Against those charges, backed up with facts and figures and the constant demands on public finances, the arguments in favour of the monarchy often fall down, because they centre on the unquantifiable: the sense of continuity the monarchy offers, the tourist draw. Things that are almost impossible to express with statistics, but which nonetheless, parts of society maintain are important for our national life.
It is precisely this unquantifiable benefit of the monarchy that interests me, partly because it reminds me of the situation in the church. Those who support the monarchy would openly concede that the Queen’s role is almost entirely ceremonial, but they would also argue that this is ceremonial is an integral part of our nation. It’s what makes Britain what is really is. To me, the monarchy is about maintaining a particular historical discourse of statehood which is the authentic expression of the historical, national and cultural character of the United Kingdom. Britain is not a republic, and the day that we start swearing-in a President on the fume-choked lawns outside the Houses of Parliament with music by a veteran soul singer is the day we stop being British. By contrast, Venezuela is a Republic founded by “the Liberator” Simon Bolivar, and as such, the ceremonial life of the Republic revolves around the struggle against the Spanish and the symbolism of Bolivar’s public persona. They celebrate the victory of the Battle of Carabobo, not Waterloo, and when their leaders wander around in tri-colour sashes in military parades, they are continuing the authentic ceremonial of statehood appropriate to a young nation, forged during the high-tide of Republicanism by a military figure. If president Chavez were to declare himself Emperor of Greater Bolivaria (something he would probably quite like to do), he would be rupturing the ties of continuity with how a nation, and those who feel they belong to it, perceive themselves, and have continued to perceive themselves throughout history. He would be doing something inauthentic and inappropriate to Venezuela as she is, and has been for two hundred years.
All of this reminds me of those in the church who do not recognise the value of ceremonial and ritual, the ephemeral and unquantifiably beneficial aspects of the visible life of the church. There is such an urge to re-form, to re-shape the church in a way which is subjectively deemed more appropriate, and this tendency reached a tragic zenith in the Reformation. Even now we have a Bishop in Peterborough who has written that the Eucharistic services of the church should not be treated any differently from Mattins and Evensong, and as such could be “presided over” by laypeople. Orthodox Anglicanism, which teaches the Real Presence and the role of the Sacraments in Salvation, is viewed as too “superstitious” by such extremists and must be brought up to date. I don’t believe this teaching has any place in the Church of England, when it owes no loyalty whatsoever to the Church of S. Augustine, and defiles the precious continuity which the Church of England has claimed with the pre-Reformation church.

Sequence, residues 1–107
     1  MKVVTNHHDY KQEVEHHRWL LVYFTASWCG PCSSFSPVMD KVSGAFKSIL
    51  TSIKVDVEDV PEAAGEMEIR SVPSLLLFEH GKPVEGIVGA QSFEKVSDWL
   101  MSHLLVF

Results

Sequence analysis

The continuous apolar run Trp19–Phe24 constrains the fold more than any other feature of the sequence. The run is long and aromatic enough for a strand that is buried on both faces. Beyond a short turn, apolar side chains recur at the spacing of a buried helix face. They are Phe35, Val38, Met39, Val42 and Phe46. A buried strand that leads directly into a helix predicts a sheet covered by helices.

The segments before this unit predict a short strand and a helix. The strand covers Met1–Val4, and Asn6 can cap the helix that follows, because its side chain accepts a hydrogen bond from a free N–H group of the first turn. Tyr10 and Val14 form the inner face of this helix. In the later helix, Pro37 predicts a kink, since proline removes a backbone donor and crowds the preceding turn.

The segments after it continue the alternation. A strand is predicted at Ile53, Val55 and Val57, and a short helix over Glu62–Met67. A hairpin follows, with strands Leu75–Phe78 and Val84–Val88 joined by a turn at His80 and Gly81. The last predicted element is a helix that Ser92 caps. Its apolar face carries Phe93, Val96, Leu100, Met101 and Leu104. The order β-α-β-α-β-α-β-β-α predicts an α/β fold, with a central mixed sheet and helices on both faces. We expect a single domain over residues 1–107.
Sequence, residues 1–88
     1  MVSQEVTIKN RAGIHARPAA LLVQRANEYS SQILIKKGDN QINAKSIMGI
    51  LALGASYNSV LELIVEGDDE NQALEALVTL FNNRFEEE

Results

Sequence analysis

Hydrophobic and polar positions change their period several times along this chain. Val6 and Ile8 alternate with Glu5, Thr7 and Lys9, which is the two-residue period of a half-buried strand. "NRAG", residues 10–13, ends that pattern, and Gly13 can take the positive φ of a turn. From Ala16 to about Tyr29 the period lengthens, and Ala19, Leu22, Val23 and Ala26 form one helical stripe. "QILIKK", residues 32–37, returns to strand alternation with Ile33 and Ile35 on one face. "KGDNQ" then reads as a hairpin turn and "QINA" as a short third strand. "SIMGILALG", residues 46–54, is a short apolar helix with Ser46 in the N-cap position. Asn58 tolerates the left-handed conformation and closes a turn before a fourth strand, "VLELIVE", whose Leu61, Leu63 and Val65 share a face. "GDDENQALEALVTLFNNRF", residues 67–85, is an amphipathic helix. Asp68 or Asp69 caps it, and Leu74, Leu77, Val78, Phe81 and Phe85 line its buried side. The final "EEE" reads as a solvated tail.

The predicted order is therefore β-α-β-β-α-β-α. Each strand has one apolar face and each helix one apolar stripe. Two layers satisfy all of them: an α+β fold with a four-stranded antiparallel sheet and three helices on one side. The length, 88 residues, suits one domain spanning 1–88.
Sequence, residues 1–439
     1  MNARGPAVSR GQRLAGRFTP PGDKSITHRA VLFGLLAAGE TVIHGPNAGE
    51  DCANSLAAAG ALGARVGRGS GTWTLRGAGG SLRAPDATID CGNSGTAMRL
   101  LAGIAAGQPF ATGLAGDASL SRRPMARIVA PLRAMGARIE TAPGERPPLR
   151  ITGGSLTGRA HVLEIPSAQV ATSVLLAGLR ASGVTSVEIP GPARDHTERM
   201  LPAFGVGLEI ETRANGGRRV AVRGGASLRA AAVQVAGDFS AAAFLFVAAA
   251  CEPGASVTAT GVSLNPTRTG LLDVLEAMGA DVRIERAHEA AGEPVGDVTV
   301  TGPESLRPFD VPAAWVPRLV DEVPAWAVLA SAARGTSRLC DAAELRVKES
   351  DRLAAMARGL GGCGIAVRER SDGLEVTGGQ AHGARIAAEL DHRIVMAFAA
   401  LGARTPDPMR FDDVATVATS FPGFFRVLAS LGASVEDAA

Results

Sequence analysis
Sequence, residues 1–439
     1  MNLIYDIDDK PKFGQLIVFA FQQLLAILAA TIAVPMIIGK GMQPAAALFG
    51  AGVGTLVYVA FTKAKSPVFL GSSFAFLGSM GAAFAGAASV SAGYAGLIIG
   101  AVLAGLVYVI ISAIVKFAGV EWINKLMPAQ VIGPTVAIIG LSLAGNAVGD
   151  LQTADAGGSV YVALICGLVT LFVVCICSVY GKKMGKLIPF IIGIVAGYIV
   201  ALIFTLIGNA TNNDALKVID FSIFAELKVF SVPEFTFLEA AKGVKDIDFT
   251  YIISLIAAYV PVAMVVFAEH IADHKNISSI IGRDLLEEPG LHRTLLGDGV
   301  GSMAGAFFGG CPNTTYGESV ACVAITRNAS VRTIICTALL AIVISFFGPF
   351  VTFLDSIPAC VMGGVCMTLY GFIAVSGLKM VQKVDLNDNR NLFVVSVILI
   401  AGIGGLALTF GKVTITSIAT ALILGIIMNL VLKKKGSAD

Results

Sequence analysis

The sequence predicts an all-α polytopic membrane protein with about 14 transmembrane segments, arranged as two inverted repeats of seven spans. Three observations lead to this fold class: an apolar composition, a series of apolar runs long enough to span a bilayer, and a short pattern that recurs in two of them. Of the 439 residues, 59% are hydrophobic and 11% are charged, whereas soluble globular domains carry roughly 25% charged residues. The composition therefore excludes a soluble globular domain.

The word “heresy” comes from the Greek word that describes a “choice” of beliefs particular to a faction opposed to Orthodoxy, and it has been used over the centuries to refer to those who have willingly cut themselves off from the family of the faithful. Whether it’s the Sacraments or the Monarchy, we would be making a huge mistake if we gave ourselves over to the “heresy” of innovation. Those who love the Church, love Her Sacraments, the “mysteries of Salvation” which we can’t quantify or put into statistics to justify their role in our lives. Likewise, those who love Britain should think twice before resigning the monarchy to history. Let us not forget what the monarchy means, and has meant to generations, and reflecting on the prospects of Britain in the coming years, we might realise that we need Queen Elizabeth now as much as we ever did.
Tuesday, 10 November 2009
The Holy Father's generosity is abundantly obvious to anybody who has read the document, and only serves to increase my fondness for a man I regard as my Pope and the legitimate successor of Peter. But generosity alone, however well intentioned, cannot completely plaster over the cracks of five hundred years of schism, and I am a little disappointed in those who rush to proclaim that it can.
My problem is this, and I'll phrase it as a question: Can those priests and bishops who have already accepted the AC in its entirety, and who desire to be reordained unconditionally as priests and bishops in the new Ordinariate, really do so with integrity? For I believe that to do so would be to turn their backs on me, and other faithful who have looked to them for guidance through our journey of faith, a journy that we have so far made together. To accept "conversion" to Catholicism, which is the faith they have been preaching from our pulpits for years, and to accept unconditional ordination, which is thereby to accept that their orders were invalid, is to say that every confession I have ever made, every Holy Communion I have ever received from their blessed hands, every confirmation and every Holy Matrimony was, all along, no more than a charade: "absolutely null and utterly void".